Education Reform Is Slow

Kevin Drum notes a growing backlash against education reform, citing Diane Ravitch, Emily Yoffe and this Newsweek (which is really this private foundation report in disguise) as examples. The last of these, about the failed attempts of several billionaires to improve education through foundation grants, is really kind of maddening. It makes the billionaires in question (Bill Gates, Michael Dell, Eli Broad, and the Wal-Mart Waltons) sound like feckless idiots, but I can’t tell if that’s just bad writing.

The core of the piece is the finding that the districts these guys put money into haven’t made the dramatic improvements they hoped for:

In a first-of-its-kind computer analysis, iWatch News analyzed the graduation rates and test scores in 10 major urban districts — from New York City to Oakland — which collectively took in almost one-fourth of the total money poured in by these top four education philanthropists.

The results, though mixed, provide dispiriting proof that the billionaires have not found a one-size-fits-all solution to education reform and that money alone can’t repair the desperate state of urban education.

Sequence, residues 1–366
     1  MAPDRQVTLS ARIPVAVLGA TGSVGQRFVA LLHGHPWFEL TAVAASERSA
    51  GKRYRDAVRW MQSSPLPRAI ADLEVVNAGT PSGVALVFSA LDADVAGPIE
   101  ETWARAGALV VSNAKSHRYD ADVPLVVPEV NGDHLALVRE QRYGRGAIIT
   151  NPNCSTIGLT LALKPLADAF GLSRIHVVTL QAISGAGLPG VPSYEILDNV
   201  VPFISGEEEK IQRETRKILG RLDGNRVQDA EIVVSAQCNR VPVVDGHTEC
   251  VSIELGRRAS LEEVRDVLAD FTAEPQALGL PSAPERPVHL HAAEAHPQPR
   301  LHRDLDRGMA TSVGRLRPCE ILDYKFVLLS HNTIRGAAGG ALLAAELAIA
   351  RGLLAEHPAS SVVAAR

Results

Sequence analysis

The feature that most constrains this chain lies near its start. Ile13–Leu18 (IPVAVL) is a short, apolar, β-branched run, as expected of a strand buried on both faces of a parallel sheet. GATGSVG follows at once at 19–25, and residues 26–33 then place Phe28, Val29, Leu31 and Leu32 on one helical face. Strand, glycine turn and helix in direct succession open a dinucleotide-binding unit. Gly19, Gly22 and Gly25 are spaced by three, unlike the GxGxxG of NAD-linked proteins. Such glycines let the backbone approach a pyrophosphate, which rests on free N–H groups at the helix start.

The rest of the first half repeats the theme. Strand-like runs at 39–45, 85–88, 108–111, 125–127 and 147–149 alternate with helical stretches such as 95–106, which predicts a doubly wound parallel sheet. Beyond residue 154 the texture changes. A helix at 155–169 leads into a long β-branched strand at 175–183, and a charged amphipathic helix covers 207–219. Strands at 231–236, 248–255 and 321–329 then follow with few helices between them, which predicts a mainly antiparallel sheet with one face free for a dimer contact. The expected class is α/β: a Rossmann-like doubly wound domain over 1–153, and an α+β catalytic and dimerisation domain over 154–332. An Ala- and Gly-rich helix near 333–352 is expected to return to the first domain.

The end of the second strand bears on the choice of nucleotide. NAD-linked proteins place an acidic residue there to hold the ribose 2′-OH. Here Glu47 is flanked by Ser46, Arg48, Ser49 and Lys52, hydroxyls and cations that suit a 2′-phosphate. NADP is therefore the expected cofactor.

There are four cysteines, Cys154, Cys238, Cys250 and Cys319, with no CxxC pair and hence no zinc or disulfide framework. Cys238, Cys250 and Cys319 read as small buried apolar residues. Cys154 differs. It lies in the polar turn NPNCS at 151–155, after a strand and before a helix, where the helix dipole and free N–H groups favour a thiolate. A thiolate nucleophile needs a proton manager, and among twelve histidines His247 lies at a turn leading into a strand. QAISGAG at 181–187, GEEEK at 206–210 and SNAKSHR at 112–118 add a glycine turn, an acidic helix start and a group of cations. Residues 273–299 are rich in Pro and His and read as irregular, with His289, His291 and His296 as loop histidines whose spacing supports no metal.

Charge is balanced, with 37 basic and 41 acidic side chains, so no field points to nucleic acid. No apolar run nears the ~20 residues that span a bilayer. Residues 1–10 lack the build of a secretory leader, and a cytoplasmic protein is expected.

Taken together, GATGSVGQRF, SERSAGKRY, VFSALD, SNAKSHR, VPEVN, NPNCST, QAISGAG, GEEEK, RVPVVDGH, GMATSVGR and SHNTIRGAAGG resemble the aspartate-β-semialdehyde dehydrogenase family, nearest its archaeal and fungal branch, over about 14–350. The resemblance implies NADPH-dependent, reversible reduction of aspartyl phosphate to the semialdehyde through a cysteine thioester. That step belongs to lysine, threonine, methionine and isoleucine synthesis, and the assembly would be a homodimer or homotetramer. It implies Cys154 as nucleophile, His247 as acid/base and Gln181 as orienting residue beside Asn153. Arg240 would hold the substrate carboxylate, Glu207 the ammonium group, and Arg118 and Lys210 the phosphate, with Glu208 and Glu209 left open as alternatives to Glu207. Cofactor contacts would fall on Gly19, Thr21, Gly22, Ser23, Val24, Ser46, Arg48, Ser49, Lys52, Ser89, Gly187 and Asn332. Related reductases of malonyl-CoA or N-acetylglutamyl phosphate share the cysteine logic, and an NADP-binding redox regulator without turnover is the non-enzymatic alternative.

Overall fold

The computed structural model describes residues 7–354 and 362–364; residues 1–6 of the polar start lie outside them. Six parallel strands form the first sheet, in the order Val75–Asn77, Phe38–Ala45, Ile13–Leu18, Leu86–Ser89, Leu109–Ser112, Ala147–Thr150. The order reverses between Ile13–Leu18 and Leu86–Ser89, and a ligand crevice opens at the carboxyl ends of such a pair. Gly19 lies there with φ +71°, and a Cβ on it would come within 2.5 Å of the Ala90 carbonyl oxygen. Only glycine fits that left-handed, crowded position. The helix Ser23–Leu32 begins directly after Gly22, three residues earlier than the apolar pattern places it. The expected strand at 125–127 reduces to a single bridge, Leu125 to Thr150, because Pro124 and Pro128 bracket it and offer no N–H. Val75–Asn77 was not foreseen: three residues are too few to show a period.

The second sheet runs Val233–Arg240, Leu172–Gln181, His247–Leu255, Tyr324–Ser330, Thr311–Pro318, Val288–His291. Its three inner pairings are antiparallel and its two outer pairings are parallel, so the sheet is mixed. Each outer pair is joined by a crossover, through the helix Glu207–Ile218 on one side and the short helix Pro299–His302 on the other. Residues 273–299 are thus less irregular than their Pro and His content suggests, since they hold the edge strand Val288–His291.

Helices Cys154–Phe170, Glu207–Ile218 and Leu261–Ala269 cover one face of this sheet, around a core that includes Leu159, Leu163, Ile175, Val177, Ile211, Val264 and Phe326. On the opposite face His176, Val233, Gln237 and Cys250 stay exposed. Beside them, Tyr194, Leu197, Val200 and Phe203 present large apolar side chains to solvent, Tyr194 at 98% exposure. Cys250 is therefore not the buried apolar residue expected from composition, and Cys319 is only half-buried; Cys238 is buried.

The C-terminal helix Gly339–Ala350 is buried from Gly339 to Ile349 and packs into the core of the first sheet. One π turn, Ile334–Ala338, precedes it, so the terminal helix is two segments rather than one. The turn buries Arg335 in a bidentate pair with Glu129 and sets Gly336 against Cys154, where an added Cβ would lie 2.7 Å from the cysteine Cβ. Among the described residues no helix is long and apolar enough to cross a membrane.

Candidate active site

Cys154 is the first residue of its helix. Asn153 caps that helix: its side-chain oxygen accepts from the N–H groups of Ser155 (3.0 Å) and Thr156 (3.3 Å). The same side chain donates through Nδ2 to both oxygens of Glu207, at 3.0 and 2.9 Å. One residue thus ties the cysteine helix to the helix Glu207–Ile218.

For all the millions spent on reforms, nine of the 10 school districts studied substantially trailed their state’s proficiency and graduation rates — often by 10 points or more, the analysis found. And while the urban districts made some gains, they managed only 60 percent of the time to improve at a rate faster than their states. Those spikes weren’t enough to materially reduce persistent gulfs between poor, inner-city schools, where the big givers focused, and their suburban and rural counterparts.

That sounds damning, but not necessarily of the billionaires’ efforts. The way a lot of this is phrased makes it sound like they did really superficial and inadequate comparisons, and the “methodology” notes in the sidebar they give don’t have enough detail to tell whether they really did the comparison stupidly, or just wrote about it badly. Of course, they also make a point of noting that the metrics they used are the same used by some of the wealthy foundations involved, which may make the exact nature of the failure kind of a moot point.

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